This time it's a movement to introduce engineering classes to elementary schools, as reported by an article in yesterday's New York Times entitled Studying Engineering Before They Can Spell It.
Spurred by growing concerns that American students lack the skills to compete in a global economy, school districts nationwide are packing engineering lessons into already crowded schedules for even the youngest students, giving priority to a subject that was once left to after-school robotics clubs and summer camps, or else waited until college.These priorities have trickled up to the federal government:
Congress is considering legislation, endorsed by more than 100 businesses and organizations like I.B.M. and Lockheed Martin, to promote engineering education from kindergarten through 12th grade.And translate into yet more education spending:
In Manassas, Va., which has a thriving biotech industry, the local school district has spent $300,000 on a children's engineering program since 2008, equipping its six elementary schools with tool kits for projects like making musical instruments from odds and ends, building bridges with uncooked spaghetti and launching hot-air balloons made from trash bags and cups.Who knew toolkits involving odds and ends, uncooked spaghetti, and trash bags could cost a local school district hundreds of thousands of dollars?
The article cites several other examples of elementary school engineering projects. In Mary Morrow's classroom in Glen Rock, New Jersey:
First graders were recently challenged with helping a farmer keep rabbits out of his garden.And at the new Midway Elementary School of Science and Engineering in Anderson, South Carolina:
In teams of four, they brainstormed about building fences with difficult-to-scale ladders instead of doors and setting out food decoys for the rabbits. They drew up blueprints and then brought them to life with plastic plates, paper cups, straws and foam paper.
Then they planned to test their ideas with pop-up plastic rabbits. If the fences were breached, they would be asked to improve the design.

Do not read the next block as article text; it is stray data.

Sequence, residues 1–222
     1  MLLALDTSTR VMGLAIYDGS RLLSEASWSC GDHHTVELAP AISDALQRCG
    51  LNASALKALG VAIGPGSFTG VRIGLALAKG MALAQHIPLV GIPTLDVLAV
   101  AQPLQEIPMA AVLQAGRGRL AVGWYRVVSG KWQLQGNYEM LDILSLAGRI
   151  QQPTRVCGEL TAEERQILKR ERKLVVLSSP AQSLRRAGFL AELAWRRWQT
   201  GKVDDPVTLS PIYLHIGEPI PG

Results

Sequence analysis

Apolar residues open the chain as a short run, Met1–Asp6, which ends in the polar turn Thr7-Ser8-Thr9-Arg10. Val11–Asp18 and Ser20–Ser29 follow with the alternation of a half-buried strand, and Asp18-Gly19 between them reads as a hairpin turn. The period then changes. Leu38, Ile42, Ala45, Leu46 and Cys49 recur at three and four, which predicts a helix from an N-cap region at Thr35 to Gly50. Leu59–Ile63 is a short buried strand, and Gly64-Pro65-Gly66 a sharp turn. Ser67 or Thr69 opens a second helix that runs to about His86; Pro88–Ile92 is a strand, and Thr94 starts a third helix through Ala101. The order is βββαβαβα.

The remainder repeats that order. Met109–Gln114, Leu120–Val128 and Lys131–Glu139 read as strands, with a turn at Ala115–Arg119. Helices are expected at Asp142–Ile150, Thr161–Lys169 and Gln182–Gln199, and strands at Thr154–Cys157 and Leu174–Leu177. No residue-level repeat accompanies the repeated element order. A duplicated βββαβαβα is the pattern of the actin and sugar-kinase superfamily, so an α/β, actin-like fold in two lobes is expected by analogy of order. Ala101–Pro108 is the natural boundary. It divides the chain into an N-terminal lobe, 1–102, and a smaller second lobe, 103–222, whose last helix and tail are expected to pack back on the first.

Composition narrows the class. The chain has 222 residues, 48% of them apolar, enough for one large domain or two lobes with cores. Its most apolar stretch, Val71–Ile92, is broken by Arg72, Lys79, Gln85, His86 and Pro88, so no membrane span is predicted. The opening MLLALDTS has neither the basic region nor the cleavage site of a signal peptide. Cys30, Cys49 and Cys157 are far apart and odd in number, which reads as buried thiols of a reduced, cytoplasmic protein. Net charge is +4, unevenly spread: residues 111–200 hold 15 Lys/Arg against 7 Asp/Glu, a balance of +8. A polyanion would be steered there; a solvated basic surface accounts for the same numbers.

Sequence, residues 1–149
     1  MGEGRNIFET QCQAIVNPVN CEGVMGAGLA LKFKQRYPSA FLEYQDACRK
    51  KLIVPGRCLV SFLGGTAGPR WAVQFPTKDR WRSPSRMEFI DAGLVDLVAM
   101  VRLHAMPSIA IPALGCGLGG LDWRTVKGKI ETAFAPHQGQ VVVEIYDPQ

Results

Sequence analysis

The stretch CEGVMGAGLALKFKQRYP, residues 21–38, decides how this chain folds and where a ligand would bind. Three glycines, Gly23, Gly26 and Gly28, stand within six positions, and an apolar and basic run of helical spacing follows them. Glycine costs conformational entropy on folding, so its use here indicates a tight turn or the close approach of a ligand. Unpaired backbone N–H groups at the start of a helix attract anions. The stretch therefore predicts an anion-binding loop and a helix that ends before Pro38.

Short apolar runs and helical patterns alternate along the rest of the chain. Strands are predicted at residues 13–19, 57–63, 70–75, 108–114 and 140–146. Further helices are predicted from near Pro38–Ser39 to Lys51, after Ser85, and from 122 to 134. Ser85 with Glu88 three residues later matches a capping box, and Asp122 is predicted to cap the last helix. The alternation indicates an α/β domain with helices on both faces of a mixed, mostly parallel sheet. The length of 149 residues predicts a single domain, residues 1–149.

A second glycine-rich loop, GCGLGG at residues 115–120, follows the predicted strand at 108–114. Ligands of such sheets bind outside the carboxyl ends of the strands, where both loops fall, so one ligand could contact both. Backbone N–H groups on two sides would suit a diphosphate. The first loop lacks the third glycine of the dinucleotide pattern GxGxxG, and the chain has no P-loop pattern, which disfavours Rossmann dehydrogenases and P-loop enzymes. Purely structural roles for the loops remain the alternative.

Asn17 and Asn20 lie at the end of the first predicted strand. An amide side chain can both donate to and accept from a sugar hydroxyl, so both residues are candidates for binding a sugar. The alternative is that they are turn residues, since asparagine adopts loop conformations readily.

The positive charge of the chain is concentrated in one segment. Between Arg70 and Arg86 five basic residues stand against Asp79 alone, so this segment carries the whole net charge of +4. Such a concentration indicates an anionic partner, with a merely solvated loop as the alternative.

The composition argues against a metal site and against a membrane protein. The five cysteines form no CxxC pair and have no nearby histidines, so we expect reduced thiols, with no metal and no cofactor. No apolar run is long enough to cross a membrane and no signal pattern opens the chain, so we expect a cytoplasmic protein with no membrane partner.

kindergartners celebrated Groundhog Day by stringing together a pulley system to lift a paper groundhog off the floor.Not all are enthusiastic about this trend:
As these lessons have spread, some parents, teachers and engineers question how much children are really absorbing, and if schools should be expending limited resources on the subject.
William E. Kelly, a spokesman for the American Society for Engineering Education and former dean of the engineering school at Catholic University in Washington, cautioned that engineering lessons for youngsters should be kept in perspective.Learning about engineering. Sound familiar?
"You're not really learning what I would call engineering fundamentals," he said of such programs. "You're really learning about engineering."
Here in Glen Rock, where students have long excelled at math and science, administrators and teachers decided to incorporate engineering into the elementary grades to connect classroom learning to real life, as well as to instill social skills like collaboration and cooperation that are valued in the work force, said Kathleen Regan, the curriculum director.Ms. Morrow's enthusiasm is share by her students--at least those quoted:
"They have to have the thinking skills of an engineer to keep up with all the innovation that's constantly coming into their world," Ms. Morrow said.
"It gets your brain going," said Elizabeth Crowley, 7, who wants to be an engineer when she grows up. "And I actually learn something when I'm doing a project -- like you can work together to do something you couldn't do before."But not all these students are sure what engineering is really about:
In the kindergarten class that was designing homes -- none out of hay, wood or brick -- for the three pigs, Ms. Morrow started the lesson by asking the 20 children sitting cross-legged on the carpet if they knew what engineers do.Again, building things--never mind writing poems about building things--does not entail learning engineering. As James writes at JoanneJacobs:
"They can write poems?" one girl guessed.
"Well," Ms. Morrow allowed, "they could write a poem about something they build."
It’s great that these children enjoy their projects, but it’s a mistake to convince them that it’s engineering. At best it’s iterative problem solving, which any decent machinist, farmer, carpenter, parent, etc. should be expected to do. Engineering as a discipline specifically involves the application of scientific/mathematical principles to design or develop a product or a process. By the standards exhibited in the rabbit-proof garden project (e.g., setting out food decoys) the typical scarecrow could be considered a piece of engineering.Another irony is that one of the experts quoted in the article as concerned about what students learn from these projects is the same person who is responsible for selecting the Investigations math curriculum for an Education School-School District partnership school in Philadelphia. If you want to give students the math background they need to become engineers, Investigations, which earns an "F" from mathematicians and scientists who have reviewed it, is one of the worst programs you could possibly choose.
The irony is that some of the students who are most likely to be future engineers (predominately left-brained kids) will hate the the art-project portion of the project; i.e., bringing their project “to life with plastic plates, paper cups, straws and foam paper.”